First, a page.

Most, if not all negative ads are against the PML-N. The result can be that if you already detest the N-League, you will end up hating it more. If you support it, you will loudly curse PTI and PPP for their meanness. So the question really is that if you are undecided, how would the negative ads affect you. The author appears to be irritated by these ads, but does not admit that her vote will still go the party which appealed to her before the ads. Net result= no appreciable change in voting intentions. Who gains from negative advertising? The advertising firms and the media as they will be laughing all the way to their banks. Frankly, this whole campaign ads business, positive or negative, is like an affliction, but you can get hooked to it. Democracy, yaar!Recommend

  • Mirza
    May 8, 2013 - 10:33PM

    The Op Ed repeatedly emphasizes that the writer is an undecided voter. Yet the thrust of the Op Ed is condemnation of PPP ads and praise of the negative ads by PTI. It is the akin to the biggest news yesterday was the fall of IK while a two dozen political worker death in two bombing incidents made a minor news.
    After the hijacking of elections by TTP for its favorite two rightwing parties from Punjab, the relatively nationalist, secular and liberal parties were reduced to only media campaign. How could one talk positively about the people who are trying to come into power on the shoulders and terror of Taliban? Try making the case of victim parties of terror classy and positive!
    No matter what the urban elites say the roots of the only national party is among the rural heartland of Pakistan where people have always voted for PPP and it is still not over till all the votes are counted and results announced. Like the two rightwing prodigies of TTP even though the campaign is hijacked but the elections are yet to be decided. With the seat adjustment already in progress in Sindh the news of PPP’s demise is highly exaggerated. Hopefully the three coalition parties are going to make more seat adjustments in KPK, Baluchistan and southern Punjab and defeat the TTP and their designs of terror.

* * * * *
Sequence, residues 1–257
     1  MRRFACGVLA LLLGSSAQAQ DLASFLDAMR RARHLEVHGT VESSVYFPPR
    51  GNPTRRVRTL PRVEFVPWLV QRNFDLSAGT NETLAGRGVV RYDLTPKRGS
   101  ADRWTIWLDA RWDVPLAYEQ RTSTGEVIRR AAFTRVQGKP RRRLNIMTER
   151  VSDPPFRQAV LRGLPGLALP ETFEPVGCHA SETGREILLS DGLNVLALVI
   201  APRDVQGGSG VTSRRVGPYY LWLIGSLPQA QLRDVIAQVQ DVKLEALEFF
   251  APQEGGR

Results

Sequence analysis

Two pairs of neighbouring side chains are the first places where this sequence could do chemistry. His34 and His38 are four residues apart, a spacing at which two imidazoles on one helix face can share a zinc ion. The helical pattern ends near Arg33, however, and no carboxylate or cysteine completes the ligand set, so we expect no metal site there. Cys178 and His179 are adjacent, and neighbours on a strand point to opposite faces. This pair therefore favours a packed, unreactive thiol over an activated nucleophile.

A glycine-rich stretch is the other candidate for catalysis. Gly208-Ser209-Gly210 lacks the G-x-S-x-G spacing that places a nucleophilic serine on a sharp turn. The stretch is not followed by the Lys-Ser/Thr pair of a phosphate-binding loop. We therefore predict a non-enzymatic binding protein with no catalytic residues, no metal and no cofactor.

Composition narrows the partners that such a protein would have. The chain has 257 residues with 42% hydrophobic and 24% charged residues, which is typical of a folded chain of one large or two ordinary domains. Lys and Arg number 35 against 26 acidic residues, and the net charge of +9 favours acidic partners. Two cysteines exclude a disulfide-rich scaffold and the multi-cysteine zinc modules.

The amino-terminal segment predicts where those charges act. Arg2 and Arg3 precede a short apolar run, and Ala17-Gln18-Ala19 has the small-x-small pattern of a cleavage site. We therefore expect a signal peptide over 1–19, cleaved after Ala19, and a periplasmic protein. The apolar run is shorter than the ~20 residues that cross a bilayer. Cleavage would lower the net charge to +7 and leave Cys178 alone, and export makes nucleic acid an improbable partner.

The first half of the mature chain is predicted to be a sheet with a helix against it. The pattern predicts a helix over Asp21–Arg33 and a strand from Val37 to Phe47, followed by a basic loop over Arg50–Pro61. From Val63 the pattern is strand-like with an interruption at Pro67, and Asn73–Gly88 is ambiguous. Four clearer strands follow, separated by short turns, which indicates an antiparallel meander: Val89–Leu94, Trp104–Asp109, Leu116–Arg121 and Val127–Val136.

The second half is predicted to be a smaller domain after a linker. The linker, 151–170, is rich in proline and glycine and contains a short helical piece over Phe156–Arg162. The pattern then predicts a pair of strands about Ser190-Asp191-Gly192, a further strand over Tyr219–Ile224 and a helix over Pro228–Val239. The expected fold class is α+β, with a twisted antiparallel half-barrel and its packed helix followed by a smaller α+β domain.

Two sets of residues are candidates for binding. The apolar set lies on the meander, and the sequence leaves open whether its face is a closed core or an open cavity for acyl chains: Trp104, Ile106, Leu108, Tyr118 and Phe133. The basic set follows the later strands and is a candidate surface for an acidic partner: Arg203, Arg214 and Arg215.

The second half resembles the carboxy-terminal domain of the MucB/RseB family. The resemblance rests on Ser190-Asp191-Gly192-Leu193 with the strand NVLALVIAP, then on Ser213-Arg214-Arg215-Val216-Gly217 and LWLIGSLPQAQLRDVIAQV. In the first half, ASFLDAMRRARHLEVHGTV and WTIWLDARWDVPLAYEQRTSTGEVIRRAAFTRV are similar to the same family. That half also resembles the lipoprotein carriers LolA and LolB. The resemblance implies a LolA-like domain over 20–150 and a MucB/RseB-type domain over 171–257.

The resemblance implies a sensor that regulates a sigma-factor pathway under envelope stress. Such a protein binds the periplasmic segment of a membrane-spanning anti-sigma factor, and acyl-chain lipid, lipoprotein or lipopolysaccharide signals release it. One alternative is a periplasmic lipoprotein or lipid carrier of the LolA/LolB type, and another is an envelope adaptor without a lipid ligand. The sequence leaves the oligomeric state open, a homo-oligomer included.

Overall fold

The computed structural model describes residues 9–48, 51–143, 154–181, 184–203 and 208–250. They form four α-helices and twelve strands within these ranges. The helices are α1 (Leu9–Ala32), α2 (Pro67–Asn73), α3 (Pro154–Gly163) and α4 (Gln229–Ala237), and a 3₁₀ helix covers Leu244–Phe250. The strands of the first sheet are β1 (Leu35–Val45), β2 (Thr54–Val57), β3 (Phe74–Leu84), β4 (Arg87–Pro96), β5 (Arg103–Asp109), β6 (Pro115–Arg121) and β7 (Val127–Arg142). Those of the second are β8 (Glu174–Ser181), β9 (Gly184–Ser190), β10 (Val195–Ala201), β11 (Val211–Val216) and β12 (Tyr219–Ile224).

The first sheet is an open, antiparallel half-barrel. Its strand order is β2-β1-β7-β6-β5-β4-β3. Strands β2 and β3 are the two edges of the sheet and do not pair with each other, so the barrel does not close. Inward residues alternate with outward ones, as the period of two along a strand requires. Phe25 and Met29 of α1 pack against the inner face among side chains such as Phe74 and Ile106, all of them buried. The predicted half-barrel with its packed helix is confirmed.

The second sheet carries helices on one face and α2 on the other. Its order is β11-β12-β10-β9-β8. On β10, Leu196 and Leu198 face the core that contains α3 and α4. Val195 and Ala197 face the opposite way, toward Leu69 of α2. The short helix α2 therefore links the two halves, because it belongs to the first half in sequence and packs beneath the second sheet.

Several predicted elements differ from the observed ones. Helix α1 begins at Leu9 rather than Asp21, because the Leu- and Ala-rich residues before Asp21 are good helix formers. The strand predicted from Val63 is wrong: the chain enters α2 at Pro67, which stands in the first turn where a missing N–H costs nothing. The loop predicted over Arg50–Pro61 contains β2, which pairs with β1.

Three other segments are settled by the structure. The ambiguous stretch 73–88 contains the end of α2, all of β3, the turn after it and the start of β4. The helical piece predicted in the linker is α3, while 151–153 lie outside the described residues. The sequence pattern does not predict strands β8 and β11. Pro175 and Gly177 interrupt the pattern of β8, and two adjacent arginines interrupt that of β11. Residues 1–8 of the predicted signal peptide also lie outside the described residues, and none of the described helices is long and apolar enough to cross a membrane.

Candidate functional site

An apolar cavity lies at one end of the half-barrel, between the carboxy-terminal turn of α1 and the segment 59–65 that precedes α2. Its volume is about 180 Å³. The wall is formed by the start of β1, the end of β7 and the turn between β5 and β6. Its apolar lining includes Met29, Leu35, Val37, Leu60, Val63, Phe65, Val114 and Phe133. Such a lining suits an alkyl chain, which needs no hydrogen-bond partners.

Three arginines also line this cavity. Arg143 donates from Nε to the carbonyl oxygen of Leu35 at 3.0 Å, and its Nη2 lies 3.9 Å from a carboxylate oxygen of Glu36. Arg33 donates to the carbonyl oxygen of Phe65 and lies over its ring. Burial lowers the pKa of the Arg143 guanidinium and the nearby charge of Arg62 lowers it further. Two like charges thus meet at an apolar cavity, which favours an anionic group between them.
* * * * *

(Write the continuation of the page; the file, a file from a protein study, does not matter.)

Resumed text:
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  • samir
    May 8, 2013 - 10:35PM

    everyone is against the PMLN trying to ruin its image . PTI AND PPP are allies

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  • Roni
    May 8, 2013 - 10:38PM

    The rural heartland of Pakistan is not stupid. They are not in cahoots with TTP and terrorists. They know full well who Zia’s remnant is and who has hanged and killed the elected PM who they loved dearly. They are ready to defeat the ideology of Zia, TTP and its favorite leaders who have a license to roam freely without fear while the victims are still victimized.

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  • shah
    May 8, 2013 - 10:40PM

    Agree

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  • Rashid
    May 8, 2013 - 10:40PM

    Though it is unfortunate that we have such high intensity of negative advertisements but it is not true to say that PML-N is using their achievements. I say this because, yes, they may not advertise adds against PPP but the language, cooments and remarks used by both Nawaz Sharif and Shahbaz Shariff against President Zardari and his party are no less negative adverstisement. If they truely believe in themselves and their acheivements why do they use this tactic?? Even when Zardari isn’t speaking anything being the preseident – a non political position!!

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  • Ali Baloch
    May 9, 2013 - 12:16AM

    So PTI and PML-N trolls sling mud at PPP and they don’t even leave Bhutto Sahab it’s all good but God forbid if PPP returns the favor then every one starts crying about how politics has went downhill, how political parties should refrain from throwing stones at each other. Nawaz Shareef and Shehbaz shareef and Hamza Shehbaz have used derogatory remarks against President Zardari and are still doing it but when PPP shows the empty rhetoric of Shehbaz “it’s lost it’s way” and the ECP takes notice. Shareef brothers waste 30 billion on an extremely flawed project and their Govt in Punjab is hailed as a model of good governance. Imran Khan though spent 5 years as a representative of Mianwali and has nothing to show for it. And he is still viewed as an exemplary figure in politics. PML-N, JUI, JI, PTI have all shown support for TTP (Killers of 45000 Pakistanis) and are all called “Patriots” yet PPP which has started Power Projects of about 24000 MW, Initiated a skill training program, Gave jobs to 100,000 People, Started a national health insurance program and funding for the poor, increased the support price of Wheat and in this Govt’s tenure the Stock market rose to 18000 points the economy though not exactly developing is still some what stable when compared with other countries suffering from the global recession. This party must still prove that it has done something. I really feel for the PPP their leader and his entire family died there are open threats to the life of his grandson and yet this family must prove it’s loyalty to this country. No wonder after BB’s death in 2007 PPP workers in Sindh were openly screaming “Pakistan Na Khappay” if only Zardari had the good sense of not saying “Khappay”